5. John Mulholland Avatar


    I don’t know you, and you don’t know me. So, no doubt you’ll take this with the same grain of salt that I’ll take any response from you.

    Maybe I’m a bit dense, but I’m not sure what exactly you are getting at here. To me, neither the video nor the song is promoting what your blog post is communicating. Is this video the image that we really want our students to have in their lives? Getting drunk? Turning one another on?

    I’m trying to connect the dots and coming up empty.

    1. adam mclane Avatar

      First and foremost- welcome to my blog. I’m 100% fine if you don’t agree with me.

      What I’m getting at is that we, as youth workers, rarely paint a picture for young love. Our message tends to paint the picture that “you have to be older, more mature” to fall in love, get married, etc. In short, we are contributing to the elongation of adolescence into the mid-20s and creating a self-fulfilling prophesy of failure.

      if you watch the video and read the lyrics and then add into it “this is a married couple” it pretty much depicts a very romantic dream. There’s nothing there I didn’t want to experience nor anything there I wouldn’t want my students to experience.

      The thing I tried to point out in my post was simply… I wish the couple was married.

      Katy Perry is extremely popular. In some ways she is a prophet to her generation. Instead of fleeing her messaging we need to figure out ways to show redemptive analogy.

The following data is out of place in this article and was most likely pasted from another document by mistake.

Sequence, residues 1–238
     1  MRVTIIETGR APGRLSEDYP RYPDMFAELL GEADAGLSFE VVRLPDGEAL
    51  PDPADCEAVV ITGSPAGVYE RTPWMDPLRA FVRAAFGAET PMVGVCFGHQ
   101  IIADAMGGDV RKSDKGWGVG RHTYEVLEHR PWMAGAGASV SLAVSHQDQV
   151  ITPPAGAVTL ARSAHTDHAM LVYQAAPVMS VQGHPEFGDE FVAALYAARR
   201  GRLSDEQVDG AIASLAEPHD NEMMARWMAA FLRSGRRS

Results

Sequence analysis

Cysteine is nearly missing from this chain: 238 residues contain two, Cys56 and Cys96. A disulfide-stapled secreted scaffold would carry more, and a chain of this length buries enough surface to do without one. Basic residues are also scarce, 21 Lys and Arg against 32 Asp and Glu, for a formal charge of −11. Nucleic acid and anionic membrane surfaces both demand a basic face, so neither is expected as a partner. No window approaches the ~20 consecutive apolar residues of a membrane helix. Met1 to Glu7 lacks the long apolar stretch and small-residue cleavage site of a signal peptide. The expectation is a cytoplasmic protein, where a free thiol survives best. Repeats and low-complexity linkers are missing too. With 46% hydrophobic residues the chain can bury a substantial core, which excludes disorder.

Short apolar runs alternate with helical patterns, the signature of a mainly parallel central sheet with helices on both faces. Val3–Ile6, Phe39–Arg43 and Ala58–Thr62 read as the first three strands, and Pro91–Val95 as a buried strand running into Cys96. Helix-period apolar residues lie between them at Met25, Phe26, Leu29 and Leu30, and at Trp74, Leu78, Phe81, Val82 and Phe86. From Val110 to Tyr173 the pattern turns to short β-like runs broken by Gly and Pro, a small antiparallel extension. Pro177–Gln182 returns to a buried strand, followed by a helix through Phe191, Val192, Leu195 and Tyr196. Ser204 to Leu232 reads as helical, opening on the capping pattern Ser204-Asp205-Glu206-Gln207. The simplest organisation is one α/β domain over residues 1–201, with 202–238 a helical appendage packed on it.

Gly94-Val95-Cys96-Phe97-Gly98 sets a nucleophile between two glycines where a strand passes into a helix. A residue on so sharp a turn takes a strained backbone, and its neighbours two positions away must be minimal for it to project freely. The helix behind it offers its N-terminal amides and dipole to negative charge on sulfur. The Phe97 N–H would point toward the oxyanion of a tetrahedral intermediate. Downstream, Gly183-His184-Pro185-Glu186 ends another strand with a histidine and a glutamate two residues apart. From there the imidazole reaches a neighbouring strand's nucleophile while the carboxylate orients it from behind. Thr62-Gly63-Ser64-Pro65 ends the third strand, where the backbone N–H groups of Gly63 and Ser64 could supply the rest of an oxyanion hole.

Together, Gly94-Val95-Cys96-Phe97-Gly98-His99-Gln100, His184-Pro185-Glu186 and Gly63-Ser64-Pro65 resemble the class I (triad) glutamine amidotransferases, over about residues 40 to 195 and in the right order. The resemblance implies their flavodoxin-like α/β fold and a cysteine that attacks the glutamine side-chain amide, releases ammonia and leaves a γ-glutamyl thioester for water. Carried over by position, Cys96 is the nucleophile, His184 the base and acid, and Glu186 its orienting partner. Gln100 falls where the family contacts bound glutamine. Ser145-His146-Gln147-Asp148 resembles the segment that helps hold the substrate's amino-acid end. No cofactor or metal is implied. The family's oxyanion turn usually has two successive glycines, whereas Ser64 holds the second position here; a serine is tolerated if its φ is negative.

Anyway, you’re free to disagree!

      1. Josh Corley Avatar
        Josh Corley

        @John: I understand your concern. We don’t want to encourage our students to get drunk and turn each other on. We’d probably all end up unemployed with that mantra. I like what Adam’s saying though about not lying to students by telling them that what they experience in ways of love is not real and can’t be grasped until they’re mid twenties. My wife and I started dating at 14 and 16. We had no idea what the future would hold but waiting 10 years to start our lives together wasn’t an option. I don’t believe he’s encouraging them to go after their desires. #findmeattheberryfarmbaby

      2. John Mulholland Avatar


        Thanks for the response.

        One of my biggest struggles in ministry is dealing with kids who are completely spiritually un-discerned about the media that they participate in. Please understand, I’m not advocating the 80’s response…”go home and burn your records, oops…iPods”. What I am in favor of is using media like this and comparing it to God’s plan for us. When I see this video, I see not an advocacy for marrying young, but a promotion of a lifestyle clearly out of God’s plan. Now, had the guy in the video been the guy she married, or had they been wearing rings, that would be one thing. But, I’m starting to sound like some of my Bible college peers.

        BTW…I got married at 20, and am glad I did.

      3. Autumn Aloha Avatar
        Autumn Aloha

        So maybe I’m reading too much into this comment, but here is what I got from it:
        I’m 21, and I have no potential for a boyfriend, so a husband is even further off. Plus, I still live at home with my parents. So I’m a failure?

        1. adam mclane Avatar

          Uh, where did you get that from?

          1. Autumn Aloha Avatar
            Autumn Aloha

            “In short, we are contributing to the elongation of adolescence into the mid-20s and creating a self-fulfilling prophesy of failure.”

          2. adam mclane Avatar

            If you were trying to cross off a list of things you had to do before considering a relationship, that would be a failure. (Just like having a “list” of qualities you’d consider in dating someone is a failure.